The severity of LBP was evaluated using a visual analog scale (VAS), which ranged from 0 to 100 [17
]. The VAS consists of line (10 cm in length) with the left extremity indicating "no pain" and the right extremity indicating "unbearable pain." Participants were asked to mark the line to indicate their level of pain. Higher values suggest more intense pain. This instrument shows good reproducibility for assessing pain levels [18
]. The patients indicated the average severity of their LBP over the previous 3 days.
The modified Oswestry Low Back Pain Disability Questionnaire (ODQ; also known as the Oswestry Disability Index) was used to evaluate the functional disability and quality of life [19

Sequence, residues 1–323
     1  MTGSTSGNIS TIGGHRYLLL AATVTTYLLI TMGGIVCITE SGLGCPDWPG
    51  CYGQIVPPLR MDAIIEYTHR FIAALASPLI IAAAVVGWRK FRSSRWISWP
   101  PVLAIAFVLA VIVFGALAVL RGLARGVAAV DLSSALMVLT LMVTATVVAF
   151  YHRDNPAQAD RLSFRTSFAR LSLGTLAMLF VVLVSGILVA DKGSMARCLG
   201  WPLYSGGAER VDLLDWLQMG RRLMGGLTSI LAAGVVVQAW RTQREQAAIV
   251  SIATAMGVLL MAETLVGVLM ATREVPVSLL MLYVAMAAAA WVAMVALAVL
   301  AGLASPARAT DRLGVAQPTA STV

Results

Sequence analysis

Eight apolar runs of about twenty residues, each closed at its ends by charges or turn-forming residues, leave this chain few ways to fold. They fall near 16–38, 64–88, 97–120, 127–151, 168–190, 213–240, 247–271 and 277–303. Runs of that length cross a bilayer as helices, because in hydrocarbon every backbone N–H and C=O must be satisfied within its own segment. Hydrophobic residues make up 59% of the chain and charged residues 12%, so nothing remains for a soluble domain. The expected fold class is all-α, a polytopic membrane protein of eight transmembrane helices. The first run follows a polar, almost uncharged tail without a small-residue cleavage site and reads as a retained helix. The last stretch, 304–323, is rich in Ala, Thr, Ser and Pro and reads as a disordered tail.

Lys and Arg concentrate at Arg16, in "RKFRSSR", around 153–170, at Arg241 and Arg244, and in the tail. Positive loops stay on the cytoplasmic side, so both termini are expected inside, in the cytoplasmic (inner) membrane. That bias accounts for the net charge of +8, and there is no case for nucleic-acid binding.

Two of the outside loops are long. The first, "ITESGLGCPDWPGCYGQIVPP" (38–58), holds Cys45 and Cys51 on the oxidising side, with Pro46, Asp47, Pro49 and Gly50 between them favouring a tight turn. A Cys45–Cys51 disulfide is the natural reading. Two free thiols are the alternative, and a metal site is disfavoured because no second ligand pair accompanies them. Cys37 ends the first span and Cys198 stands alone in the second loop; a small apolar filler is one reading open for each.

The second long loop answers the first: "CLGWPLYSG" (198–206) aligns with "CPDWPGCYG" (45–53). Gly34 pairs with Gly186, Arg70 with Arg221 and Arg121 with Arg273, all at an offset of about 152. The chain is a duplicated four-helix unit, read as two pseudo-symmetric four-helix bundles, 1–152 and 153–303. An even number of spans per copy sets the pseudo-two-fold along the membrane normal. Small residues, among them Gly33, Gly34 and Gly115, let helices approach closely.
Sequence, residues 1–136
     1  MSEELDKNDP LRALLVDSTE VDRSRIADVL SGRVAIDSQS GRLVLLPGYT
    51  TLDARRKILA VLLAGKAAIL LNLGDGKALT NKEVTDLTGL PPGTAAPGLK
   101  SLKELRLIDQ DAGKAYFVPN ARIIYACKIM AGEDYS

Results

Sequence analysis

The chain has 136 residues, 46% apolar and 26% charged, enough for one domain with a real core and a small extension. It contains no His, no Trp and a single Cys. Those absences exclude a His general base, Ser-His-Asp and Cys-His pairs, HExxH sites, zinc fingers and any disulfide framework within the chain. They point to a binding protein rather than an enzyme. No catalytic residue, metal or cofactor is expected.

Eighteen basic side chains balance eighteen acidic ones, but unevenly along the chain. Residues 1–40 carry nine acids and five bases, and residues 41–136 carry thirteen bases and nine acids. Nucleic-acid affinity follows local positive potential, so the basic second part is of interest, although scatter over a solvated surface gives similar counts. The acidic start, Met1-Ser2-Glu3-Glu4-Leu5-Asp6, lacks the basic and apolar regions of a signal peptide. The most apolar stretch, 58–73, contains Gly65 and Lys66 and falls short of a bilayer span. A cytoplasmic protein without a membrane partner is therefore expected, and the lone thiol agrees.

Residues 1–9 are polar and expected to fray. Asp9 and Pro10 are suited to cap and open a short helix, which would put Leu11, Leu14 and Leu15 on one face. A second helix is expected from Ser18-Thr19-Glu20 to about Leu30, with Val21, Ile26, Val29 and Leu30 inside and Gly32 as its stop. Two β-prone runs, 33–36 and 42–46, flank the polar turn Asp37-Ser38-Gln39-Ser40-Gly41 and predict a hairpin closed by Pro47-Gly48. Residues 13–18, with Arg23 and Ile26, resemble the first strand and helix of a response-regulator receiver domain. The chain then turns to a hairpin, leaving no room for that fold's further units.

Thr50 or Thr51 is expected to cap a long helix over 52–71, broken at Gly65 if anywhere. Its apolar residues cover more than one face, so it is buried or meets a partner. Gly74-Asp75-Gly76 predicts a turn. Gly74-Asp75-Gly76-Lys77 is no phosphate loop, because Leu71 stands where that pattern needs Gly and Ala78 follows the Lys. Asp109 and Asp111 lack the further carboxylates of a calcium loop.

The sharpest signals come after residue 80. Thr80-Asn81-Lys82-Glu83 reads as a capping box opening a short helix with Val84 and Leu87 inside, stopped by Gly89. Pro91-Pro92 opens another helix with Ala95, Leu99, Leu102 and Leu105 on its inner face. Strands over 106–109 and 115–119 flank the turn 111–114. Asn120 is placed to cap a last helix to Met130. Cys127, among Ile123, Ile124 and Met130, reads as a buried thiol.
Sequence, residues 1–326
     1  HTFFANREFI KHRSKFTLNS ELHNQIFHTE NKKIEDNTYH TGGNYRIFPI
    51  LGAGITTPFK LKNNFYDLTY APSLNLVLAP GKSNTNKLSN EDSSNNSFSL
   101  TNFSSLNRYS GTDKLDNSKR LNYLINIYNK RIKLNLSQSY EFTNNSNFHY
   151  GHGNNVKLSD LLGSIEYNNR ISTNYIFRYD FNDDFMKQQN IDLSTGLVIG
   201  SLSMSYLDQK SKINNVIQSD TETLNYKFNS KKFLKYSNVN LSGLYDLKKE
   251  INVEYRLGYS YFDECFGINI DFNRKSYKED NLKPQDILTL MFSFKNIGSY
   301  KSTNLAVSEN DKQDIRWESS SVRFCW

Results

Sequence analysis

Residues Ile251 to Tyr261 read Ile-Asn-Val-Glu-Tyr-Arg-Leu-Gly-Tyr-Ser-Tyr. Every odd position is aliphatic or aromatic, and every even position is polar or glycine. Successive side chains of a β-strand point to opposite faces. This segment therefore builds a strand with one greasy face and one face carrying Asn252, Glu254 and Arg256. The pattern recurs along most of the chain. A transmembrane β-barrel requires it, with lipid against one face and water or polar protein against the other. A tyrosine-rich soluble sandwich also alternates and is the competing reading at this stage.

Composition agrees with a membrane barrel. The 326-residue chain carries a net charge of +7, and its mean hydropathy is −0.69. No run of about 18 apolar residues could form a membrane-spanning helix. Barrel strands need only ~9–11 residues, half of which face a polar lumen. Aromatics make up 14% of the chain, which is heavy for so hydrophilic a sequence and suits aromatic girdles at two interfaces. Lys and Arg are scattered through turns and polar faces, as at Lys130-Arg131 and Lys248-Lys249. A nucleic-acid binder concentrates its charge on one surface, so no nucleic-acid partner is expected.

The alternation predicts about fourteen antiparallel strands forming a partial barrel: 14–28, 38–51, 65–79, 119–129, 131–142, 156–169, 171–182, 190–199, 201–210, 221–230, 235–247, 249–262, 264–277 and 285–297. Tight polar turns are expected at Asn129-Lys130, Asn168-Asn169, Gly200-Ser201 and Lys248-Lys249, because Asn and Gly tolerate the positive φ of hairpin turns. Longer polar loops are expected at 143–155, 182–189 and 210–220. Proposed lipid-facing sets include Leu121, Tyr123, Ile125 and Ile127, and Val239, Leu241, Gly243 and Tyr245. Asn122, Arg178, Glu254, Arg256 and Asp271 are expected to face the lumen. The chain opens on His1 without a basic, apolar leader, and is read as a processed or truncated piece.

]. This questionnaire was filled out before and after the 8-week exercise program.
This study was approved by the ethics committee of our institute and all subjects provided written informed consent.
Differences in general characteristics (e.g., male/female) between the two groups were analyzed using the Fisher's exact test. Differences in the baseline mean VAS, ODQ scores, and in the strength of the lumbar extensors between the two groups were analyzed using the Mann-Whitney U-test.
The baseline mean values were compared with the mean values after the treatment within groups using the Wilcoxon's test. The Mann-Whitney U-test was used to compare maximal isometric strength, VAS, and ODQ score between the two groups. Statistical significance was defined as a p-value <0.05. All statistical analysis were performed using SPSS ver. 18 (SPSS Inc., Chicago, IL, USA).